This week at the National Eisteddfod, a
special event will be staged, which is the result of a timely and innovative
partnership between the Welsh Language Commissioner, Alzheimer's Society Cymru
and Theatr Genedlaethol Cymru.
In an unprecedented session in the Senedd,
the three partners will communicate the importance of care through the medium
of Welsh for people living with dementia, and what needs to be done to ensure
that the appropriate care is available for people in all parts of Wales.
The session will start with a performance
of ‘Y Tad’, staged by Theatr Genedlaethol Cymru. In this piece, the audience
will gain insight into the relationship between the main character, Arwyn
(Dyfan Roberts) and his carer (Mirain Fflur) and will see the importance of a
common language to the quality of care, the trust and to Arwyn’s dignity.
After the performance, there will be a
panel discussion led by Emyr Roberts, who is a Trustee of the Alzheimer's
Society; with Meri Huws – Welsh Language Commissioner; Beti George – the
broadcaster who has been a carer for her partner who had dementia; and Menna
Boyns, Services Manager for West Wales for Alzheimer's Society Cymru.
Meri Huws said: ‘Y Tad’ portrays the
harrowing story of the impact of dementia, not only on the person living with
the condition, but also on the whole family. It is a story which is a reality
for tens of thousands of families in Wales today. When discussing the subject,
I want to give a voice and a platform to the people behind the statistics, and
the theatrical performance will mean that the individual living with dementia
is represented in the discussion.
"Over the past few months we have been working with Alzheimer's
Society Cymru, to listen to the experiences of patients, carers and care
providers in order to understand the importance of language to dementia care.
It is clear that language makes the difference between understanding and not
understanding; between feeling comfortable and feeling frustrated; and it is
about respecting the dignity of the individual - at the time when it is most
needed. It is a vital part of the care package.
"We will publish the findings of this research in the autumn with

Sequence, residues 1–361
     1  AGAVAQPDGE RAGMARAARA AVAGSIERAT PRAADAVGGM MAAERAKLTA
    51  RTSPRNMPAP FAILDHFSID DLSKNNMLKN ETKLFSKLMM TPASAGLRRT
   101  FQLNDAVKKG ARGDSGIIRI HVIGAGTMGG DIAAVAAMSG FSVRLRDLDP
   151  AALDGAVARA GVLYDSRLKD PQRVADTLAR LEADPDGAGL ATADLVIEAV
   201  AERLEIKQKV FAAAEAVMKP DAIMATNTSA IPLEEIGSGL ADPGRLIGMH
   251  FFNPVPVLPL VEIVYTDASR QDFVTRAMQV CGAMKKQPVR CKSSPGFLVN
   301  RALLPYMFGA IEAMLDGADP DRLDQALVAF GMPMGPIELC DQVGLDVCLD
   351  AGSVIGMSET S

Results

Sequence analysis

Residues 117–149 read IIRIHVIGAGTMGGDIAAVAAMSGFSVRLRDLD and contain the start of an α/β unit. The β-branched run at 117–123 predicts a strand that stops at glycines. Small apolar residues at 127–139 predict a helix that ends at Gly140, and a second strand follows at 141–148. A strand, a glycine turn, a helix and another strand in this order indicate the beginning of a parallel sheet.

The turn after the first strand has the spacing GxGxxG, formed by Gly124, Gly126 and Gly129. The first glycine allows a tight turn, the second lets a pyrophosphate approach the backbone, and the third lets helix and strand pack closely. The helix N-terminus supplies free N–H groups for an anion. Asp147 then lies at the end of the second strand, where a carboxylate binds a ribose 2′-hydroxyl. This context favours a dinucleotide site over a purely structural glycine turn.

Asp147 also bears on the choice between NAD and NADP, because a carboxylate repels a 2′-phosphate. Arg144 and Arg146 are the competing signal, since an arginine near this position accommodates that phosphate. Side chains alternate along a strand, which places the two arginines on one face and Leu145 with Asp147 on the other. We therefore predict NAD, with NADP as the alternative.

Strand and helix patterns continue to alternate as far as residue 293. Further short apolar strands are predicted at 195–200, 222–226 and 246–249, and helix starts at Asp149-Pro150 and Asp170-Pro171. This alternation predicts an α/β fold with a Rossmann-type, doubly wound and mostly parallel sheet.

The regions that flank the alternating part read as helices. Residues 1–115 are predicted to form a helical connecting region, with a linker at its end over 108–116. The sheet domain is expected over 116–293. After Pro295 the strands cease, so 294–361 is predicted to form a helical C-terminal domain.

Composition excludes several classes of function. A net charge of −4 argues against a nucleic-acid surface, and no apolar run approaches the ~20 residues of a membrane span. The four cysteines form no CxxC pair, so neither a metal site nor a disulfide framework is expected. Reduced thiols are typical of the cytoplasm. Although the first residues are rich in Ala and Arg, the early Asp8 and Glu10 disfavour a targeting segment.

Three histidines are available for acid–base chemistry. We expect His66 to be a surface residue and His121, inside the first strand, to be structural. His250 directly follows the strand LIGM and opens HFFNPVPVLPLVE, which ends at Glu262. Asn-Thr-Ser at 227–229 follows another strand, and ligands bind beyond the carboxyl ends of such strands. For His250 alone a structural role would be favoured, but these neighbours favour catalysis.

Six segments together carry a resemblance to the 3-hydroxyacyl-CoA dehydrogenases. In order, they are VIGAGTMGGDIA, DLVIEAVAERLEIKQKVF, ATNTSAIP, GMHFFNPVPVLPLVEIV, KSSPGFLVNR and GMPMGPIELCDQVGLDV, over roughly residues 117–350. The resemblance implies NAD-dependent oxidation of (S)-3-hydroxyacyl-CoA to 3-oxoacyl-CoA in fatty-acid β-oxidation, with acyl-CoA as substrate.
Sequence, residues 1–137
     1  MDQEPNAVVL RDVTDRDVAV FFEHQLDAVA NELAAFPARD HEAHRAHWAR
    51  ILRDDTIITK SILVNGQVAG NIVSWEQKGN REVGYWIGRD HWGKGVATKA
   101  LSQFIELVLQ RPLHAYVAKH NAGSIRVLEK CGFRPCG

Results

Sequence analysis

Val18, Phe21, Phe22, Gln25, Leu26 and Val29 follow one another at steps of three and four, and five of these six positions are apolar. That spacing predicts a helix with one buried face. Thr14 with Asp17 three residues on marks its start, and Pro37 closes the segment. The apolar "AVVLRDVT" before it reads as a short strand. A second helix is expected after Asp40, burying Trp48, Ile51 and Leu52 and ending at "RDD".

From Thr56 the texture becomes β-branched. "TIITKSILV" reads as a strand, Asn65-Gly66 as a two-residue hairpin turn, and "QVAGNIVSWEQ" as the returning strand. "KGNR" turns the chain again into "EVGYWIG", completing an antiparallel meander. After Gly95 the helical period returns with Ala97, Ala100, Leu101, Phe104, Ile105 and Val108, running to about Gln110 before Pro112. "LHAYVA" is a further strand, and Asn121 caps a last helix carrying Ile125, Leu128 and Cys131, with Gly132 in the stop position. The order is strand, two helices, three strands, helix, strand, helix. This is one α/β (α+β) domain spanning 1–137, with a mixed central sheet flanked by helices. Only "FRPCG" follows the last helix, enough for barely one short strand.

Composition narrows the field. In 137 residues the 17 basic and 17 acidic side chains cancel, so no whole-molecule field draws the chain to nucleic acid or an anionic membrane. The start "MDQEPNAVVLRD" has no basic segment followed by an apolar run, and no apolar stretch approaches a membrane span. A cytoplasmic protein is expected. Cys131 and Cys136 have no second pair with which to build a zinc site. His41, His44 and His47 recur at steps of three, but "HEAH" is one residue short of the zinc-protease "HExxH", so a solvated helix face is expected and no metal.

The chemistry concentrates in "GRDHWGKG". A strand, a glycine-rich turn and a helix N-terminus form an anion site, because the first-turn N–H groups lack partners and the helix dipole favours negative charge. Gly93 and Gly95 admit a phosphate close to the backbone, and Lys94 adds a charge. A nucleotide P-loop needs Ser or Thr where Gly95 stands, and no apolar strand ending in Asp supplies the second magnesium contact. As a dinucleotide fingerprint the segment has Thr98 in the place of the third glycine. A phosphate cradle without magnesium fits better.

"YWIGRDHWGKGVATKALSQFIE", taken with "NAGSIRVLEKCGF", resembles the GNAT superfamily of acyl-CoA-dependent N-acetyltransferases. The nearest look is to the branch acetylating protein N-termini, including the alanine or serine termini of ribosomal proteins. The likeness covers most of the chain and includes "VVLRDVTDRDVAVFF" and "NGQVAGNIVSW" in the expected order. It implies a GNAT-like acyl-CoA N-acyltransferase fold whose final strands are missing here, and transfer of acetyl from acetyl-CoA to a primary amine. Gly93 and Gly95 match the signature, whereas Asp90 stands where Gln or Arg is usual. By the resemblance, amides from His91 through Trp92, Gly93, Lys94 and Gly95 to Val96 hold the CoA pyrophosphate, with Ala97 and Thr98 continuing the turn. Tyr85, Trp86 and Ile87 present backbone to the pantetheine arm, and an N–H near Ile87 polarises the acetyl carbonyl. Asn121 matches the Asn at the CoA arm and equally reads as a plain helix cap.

robust recommendations regarding the planning of services to meet the need of
care through the medium of Welsh."
Sue Phelps, Country Director of Alzheimer’s Society Cymru said:
“Alzheimer’s Society Cymru has undertaken pioneering research with the Welsh
Language Commissioner which will help us to understand the challenges and
opportunities for providing care and support in the Welsh language for people
affected by dementia across Wales.
“This event will demonstrate the importance of providing support for a
person with dementia in the language of their choice and conversely, the
detrimental impact of not offering a service through this medium can have on a
person affected by dementia.“
This will be the first time that Theatr Genedlaethol Cymru have contributed
to a discussion in Societies, the discussing zone at the Eisteddfod. Arwel
Gruffydd, Theatrical Director, Theatr Genedlaethol Cymru said: “The reactions we had to Theatr Genedlaethol Cymu’s production of
award-winning translation of the contemporary classic, Le Père, was
astounding. The play touched so many people throughout Wales, one assumes,
because this topic effects the lives of so many of us – be we those that are
living with the condition or their carers and relations. The play is the result
of the French playwright’s study of how his own family was effected when the
condition took hold of his grandmother. Whether the family lives in Paris or
Penmaenmawr, the experience is all too common.”
The session will be held 10:15am Wednesday
8 August 2018, in Societies 3, in the Senedd.